The saying ‘the grass isn’t always greener’ teaches that change doesn’t necessarily bring happiness. There is a particular reason why this is the case in the question of photographers and formats. The reason is that all formats have their strengths and weaknesses and necessarily entail compromise. It isn’t just that we may or may not be suited to one format or another, it is that we must learn to harness the compromises of a format before we can judge if it’s the one for us.
35mm is undoubtedly the most mobile of the film formats and allows considerable freedom and experimentation at the shooting stage. The negative being small in relative terms, it poses more significant challenges in the darkroom, 35mm negatives frequently proving difficult to print, especially for the novice. Medium format brings an immediate improvement in flexibility in the darkroom, and will more easily bestow a wide tonal range and controlled grain in the print, but at the cost of weight and size in the field. Large format goes further in this direction, slowing the shooting process and making new demands of planning and location finding, whilst bestowing the luxury of seemingly limitless detail and enlarge-ability. Most enlargements made from large format negatives will be entail much lower ratios (negative to print) than 35mm. The old saying holds true: if it’s easier to shoot in the field, it’s harder to print - and vice versa.
The key question is not, ‘which is the best format’, or, even, ‘which is the best format for us’, but ‘which is the best compromise for us?’ Which weaknesses in our chosen equipment and format can we live with in order best to enjoy its undoubted gifts. When I began to shoot large format, I immediately missed the flexibility of 35mm. C’est la vie. I knew that I would ultimately make a decision as to whether my 35mm work could be usefully and productively supplemented by some 5x4 work, on the premise that 5x4 had a quality I wanted and needed. Shooting 5x4, I would be shooting less 35mm (I don’t think I ever envisaged shooting no 35mm, nor do I), as well as putting up with the ‘negative’ aspects - for me - of large format.
I have concentrated on film photography, but my point could easily be extended to digital and beyond. Have you found the right compromise for you?
Every year when working with my students in the darkroom, I try to encourage a thought process that is as receptive to unintended results as intended ones. This is not always an easy endeavour, and it occurred to me this year that I lack a clear label for the kind of approach I want them to take. Quite often, what I mean becomes evident only when it is found.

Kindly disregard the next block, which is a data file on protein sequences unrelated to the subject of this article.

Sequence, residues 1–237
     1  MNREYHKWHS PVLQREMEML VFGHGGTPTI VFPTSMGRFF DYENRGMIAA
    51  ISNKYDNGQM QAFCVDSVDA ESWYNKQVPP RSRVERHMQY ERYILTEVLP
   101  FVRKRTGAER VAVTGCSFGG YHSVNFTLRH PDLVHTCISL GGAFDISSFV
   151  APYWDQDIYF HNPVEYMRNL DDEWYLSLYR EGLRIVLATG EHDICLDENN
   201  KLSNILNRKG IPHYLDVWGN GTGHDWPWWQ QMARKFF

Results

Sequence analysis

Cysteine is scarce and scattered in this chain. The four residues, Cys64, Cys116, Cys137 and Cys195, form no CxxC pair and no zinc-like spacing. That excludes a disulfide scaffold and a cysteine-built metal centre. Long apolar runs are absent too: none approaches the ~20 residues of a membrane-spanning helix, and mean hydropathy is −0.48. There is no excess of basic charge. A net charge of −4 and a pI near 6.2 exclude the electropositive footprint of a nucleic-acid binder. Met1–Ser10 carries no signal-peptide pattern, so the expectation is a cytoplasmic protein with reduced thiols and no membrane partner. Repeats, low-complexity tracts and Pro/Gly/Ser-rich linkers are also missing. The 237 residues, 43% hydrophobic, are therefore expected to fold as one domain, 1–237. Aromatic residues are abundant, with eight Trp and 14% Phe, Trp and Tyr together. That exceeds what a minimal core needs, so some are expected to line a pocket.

We speak a lot about planning in education (we live in a ‘target’ driven world it seems), but not so much about the pleasure of the unplanned, of what one discovers through doing, even when one wasn’t looking for it.
On one happy day when one of my students had the unplanned event revelation, I at last came up with a satisfactory term: ‘serendipity’. Now, before I unpack the term a little (and I will not insult your intelligence; insert ‘happy accident’ and you have my gist), I will add some photographic seasoning with a specific darkroom reference.
In his book Black and White Photography Workshop, master printer John Blakemore tells the story of how he came to work on a new series of especially pale prints. On the day in question, he had intended to do something quite different, but, on realising he lacked the supplies he needed to print in his ordinary manner, set himself the challenge of printing his negative as pale as possible. You can (and should) check the results out yourself, for they are quite exquisite. A fortuitous set of circumstances that led to an unexpected path, a new way of working.
So, finally to serendipity. The term was coined in 1754 by Horace Walpole. He recounted the tale of the ‘Three Princes of Serendip’ who ‘were always making discoveries, by accidents and sagacity, of things they were not in quest of’. This could almost be a darkroom mantra! Be open to those discoveries, gained by accident or sagacity (or, we might say, ignorance), of results you weren’t after, but might rather like.
An awareness of serendipity shouldn’t be limited to just darkroom, of course. I wonder how many other aspects of our photography work would benefit from a little of these ‘things we were not in quest of’?